“It’s an extremely grueling five weeks, plus you have to remember that these horses also have to win a tough race or two just to get into the Derby,” Knowlton said.
Bailey believes medication reforms made in recent years will improve the chances of a horse sweeping the Triple Crown. In 2009 the industry outlawed anabolic steroids from racing and recently has worked to prevent clenbuterol from being used for its anabolic effects. Bailey believes the use of steroids led to huge runs by young horses in one of the Triple Crown races or prep races that would them knock them out and hinder their chances at running back at a high level.
“Once you have more throwback-looking horses competing, looking more like they did 20 years ago instead of Adonises coming onto the track, then I think you’ve got a chance,” Bailey said. “Medication reforms are going to get us back to the throwback horses; the ones that are good enough are going to show up and it’s not going to be artificial. It’s going to be because they have talent and that’s what it’s going to take to win the Triple Crown. It’s going to take a very talented horse.”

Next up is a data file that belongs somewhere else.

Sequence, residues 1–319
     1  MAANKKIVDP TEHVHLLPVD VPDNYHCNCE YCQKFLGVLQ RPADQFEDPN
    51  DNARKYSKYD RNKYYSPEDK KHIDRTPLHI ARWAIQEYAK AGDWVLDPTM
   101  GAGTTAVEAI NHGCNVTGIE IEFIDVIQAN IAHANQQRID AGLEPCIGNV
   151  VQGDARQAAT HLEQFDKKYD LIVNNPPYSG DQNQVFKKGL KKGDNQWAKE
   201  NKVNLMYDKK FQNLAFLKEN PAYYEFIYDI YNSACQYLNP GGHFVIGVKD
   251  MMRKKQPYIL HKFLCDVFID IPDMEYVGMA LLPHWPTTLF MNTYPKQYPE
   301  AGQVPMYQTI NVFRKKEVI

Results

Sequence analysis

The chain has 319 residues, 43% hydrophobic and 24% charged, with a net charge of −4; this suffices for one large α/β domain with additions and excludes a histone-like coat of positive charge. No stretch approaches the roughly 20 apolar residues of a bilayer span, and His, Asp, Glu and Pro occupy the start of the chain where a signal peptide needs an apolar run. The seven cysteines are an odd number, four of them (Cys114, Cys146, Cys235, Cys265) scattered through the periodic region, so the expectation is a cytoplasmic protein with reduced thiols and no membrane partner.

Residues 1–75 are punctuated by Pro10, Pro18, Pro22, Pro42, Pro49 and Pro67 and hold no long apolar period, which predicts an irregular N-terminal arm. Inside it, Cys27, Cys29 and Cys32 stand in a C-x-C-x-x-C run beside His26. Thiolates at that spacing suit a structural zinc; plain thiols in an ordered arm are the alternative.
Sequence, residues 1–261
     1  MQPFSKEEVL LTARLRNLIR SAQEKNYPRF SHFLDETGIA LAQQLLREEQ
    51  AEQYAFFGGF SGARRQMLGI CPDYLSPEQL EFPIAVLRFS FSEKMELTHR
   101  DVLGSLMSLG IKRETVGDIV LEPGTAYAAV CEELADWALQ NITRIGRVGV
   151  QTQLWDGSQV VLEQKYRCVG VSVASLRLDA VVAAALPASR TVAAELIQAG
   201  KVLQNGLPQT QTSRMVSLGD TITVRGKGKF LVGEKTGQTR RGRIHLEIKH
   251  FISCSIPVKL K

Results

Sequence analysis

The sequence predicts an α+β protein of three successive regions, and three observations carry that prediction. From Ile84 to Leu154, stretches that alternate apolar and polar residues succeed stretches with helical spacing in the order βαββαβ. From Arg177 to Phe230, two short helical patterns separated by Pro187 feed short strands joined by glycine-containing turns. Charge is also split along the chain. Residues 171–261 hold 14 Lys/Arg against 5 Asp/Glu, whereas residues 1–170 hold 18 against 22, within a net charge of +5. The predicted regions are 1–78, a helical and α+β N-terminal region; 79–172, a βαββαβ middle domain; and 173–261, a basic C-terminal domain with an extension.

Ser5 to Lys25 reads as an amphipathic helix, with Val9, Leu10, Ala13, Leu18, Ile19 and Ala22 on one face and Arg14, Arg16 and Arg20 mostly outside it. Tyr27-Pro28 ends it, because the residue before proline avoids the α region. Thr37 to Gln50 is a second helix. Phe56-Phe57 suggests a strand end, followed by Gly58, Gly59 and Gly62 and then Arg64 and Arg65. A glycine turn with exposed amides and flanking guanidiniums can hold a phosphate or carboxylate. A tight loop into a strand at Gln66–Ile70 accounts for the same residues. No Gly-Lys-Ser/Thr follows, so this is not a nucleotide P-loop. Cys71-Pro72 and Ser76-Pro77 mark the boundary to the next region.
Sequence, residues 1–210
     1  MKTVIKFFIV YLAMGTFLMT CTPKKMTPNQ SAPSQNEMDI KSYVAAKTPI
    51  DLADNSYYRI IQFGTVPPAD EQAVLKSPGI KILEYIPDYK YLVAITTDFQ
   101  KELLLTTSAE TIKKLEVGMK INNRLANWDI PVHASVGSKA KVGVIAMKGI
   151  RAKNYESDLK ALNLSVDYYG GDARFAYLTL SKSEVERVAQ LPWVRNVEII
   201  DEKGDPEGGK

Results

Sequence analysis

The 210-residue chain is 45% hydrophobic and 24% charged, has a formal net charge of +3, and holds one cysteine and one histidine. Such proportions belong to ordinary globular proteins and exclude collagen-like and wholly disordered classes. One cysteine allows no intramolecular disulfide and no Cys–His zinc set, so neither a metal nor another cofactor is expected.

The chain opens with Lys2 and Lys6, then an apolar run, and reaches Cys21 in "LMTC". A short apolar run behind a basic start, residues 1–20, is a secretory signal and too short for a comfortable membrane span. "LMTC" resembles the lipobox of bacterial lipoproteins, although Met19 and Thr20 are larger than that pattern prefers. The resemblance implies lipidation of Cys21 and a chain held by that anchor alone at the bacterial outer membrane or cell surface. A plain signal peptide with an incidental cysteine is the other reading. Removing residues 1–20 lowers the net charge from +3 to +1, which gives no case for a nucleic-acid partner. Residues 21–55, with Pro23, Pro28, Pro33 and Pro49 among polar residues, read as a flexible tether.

When asked if the sport will see another Triple Crown winner, Dutrow didn’t miss a beat.
“Yes, if they give me back my license,” he said.
Are California Chrome and trainer Art Sherman the next in line for racing’s most celebrated feat? Coburn believes something special is going on with the Lucky Pulpit colt who would become the first California-bred to win the Triple Crown.
“He was born on my sister Brenda’s birthday, February 18th, and she died of cancer when she was 36 years old,” Coburn said. “And this year, it will be 36 years since there’s been a Triple Crown winner.”
The Triple Crown run generates powerful feelings. For the connections of the talented Derby-Preakness winners in the past 20 years, the fondest memories go well beyond the winner’s circle.
Knowlton recalls a feeling of floating through those five weeks.
“We were just ecstatic to have a horse run in the Derby. Then to win that race was beyond anything we had hoped for,” Knowlton said. “Everything else was an incredible ride, just icing on the cake.”
Eleven years later the Funny Cide partners still are a hot item. Knowlton recently did a reading of a Funny Cide children’s book at a Saratoga Springs book store. Funny Cide appeared at Keeneland at the “It’s My Derby” event, a fundraiser for the Kentucky Derby Museum, and is part of the daily Parade of Champions at the Kentucky Horse Park.